Clinton tops Trump in the first debate
Hillary Clinton was this week widely declared the winner of her first presidential debate with Donald Trump, a deeply antagonistic encounter that focused as much on personality as on policy. Watched by a record 84 million TV viewers, the 90-minute face-off came as Clinton’s poll lead had nearly evaporated. The Democratic nominee went on the offense, labeling her opponent’s tax plan as “Trumped-up trickle-down” economics, chiding him for celebrating the 2007 housing-market collapse as an opportunity to buy cheap property— “That’s called business,” he retorted—and suggesting he hadn’t released his tax returns because he was hiding something. “Maybe he’s not as rich as he says he is,” she said. “Or maybe he has paid nothing in federal income taxes.” Trump seemed to confirm that he paid no income taxes, saying that “makes me smart.” Clinton also attacked Trump for propagating the “racist lie” that President Obama wasn’t born in the country; for referring to women as “pigs, slobs, and dogs”; and for calling a Venezuelan beauty queen “Miss Piggy” when she gained weight after winning his 1996 Miss Universe competition. When Trump mocked how much debate preparation Clinton had obviously done, she shot back, “You know what else I prepared for? I prepared to be president.”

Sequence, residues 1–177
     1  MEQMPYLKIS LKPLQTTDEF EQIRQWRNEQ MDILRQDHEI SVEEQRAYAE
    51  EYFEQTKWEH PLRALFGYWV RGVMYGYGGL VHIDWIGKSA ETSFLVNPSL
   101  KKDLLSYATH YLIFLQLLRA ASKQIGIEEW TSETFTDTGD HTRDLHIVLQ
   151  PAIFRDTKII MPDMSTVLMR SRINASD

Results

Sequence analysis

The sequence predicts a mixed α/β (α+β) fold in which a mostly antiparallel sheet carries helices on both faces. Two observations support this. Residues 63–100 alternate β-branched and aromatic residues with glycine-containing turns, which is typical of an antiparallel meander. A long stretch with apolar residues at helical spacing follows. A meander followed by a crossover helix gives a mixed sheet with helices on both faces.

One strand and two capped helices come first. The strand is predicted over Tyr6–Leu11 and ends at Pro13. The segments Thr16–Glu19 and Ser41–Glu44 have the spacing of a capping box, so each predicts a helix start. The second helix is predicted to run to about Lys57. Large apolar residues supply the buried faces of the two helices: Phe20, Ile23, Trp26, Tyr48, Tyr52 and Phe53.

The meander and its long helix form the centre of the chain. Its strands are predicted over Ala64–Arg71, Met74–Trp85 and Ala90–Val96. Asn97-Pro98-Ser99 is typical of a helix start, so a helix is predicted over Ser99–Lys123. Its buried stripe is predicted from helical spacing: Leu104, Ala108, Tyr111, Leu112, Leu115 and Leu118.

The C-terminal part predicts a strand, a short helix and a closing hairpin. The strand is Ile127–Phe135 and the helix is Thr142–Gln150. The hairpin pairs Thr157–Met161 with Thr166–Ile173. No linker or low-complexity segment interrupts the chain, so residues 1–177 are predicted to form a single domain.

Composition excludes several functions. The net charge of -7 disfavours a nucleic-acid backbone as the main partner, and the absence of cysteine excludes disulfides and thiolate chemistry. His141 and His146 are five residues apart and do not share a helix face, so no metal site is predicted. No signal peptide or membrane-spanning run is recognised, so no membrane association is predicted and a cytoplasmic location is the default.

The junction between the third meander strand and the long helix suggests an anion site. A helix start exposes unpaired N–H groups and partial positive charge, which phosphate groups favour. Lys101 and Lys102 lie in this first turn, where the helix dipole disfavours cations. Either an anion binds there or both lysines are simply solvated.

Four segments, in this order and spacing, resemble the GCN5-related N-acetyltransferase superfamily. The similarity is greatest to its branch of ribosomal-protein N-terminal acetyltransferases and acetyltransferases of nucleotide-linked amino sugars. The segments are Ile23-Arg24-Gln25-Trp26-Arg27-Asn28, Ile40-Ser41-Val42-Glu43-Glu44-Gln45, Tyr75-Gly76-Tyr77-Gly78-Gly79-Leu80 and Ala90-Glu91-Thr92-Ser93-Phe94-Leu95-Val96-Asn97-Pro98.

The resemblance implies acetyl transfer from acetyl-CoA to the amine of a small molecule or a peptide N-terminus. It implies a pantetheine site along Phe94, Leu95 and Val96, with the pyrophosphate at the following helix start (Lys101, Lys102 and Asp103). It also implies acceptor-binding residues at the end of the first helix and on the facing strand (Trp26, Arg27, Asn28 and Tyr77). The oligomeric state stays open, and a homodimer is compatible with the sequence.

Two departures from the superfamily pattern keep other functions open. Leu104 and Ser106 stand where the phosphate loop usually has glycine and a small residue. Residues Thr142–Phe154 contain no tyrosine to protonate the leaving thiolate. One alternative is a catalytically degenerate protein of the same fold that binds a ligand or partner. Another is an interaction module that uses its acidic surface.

Trump had his strongest moments when he challenged Clinton over the Trans-Pacific Partnership, a trade deal she once described as the “gold standard in trade agreements” but now opposes. He criticized the former secretary of state for using a home email server, rejecting her admission that it was “a mistake” by saying she had done it “purposely,” and claimed she lacked the “stamina” to be president. Trump also sparred with the moderator, NBC’s Lester Holt, denying that he had backed the Iraq War and insisting that New York’s stop-and-frisk policing policy was effective and neither racist nor unconstitutional (see Talking Points).
In a CNN/ORC instant survey, 62 percent of voters thought Clinton had triumphed, while only 27 percent said Trump had. Public Policy Polling had the margin at 51 percent to 40 percent. Trump later doubled down on his criticism of the former Miss Universe, saying her weight gain was a “real problem,” and suggested he might “hit [Clinton] harder” in the second debate by raising the subject of her husband’s infidelity.
What the editorials said
The first debate “told the story of this year’s presidential race,” said The Washington Post. Democrats have a “flawed but knowledgeable” candidate; Republicans have a charlatan who “cynically or ignorantly sells a warped view of reality” and disqualifies himself “with practically every overheated sentence.” Undecided voters surely had to be alarmed by Trump’s “rattled and defensive performance,” said the Los Angeles Times. His answers became increasingly incoherent as the debate wore on, and his ugliest character traits shone through: “a hypersensitivity to criticism, a streak of viciousness, an inability to confess error, and a willful ignorance about the issues.”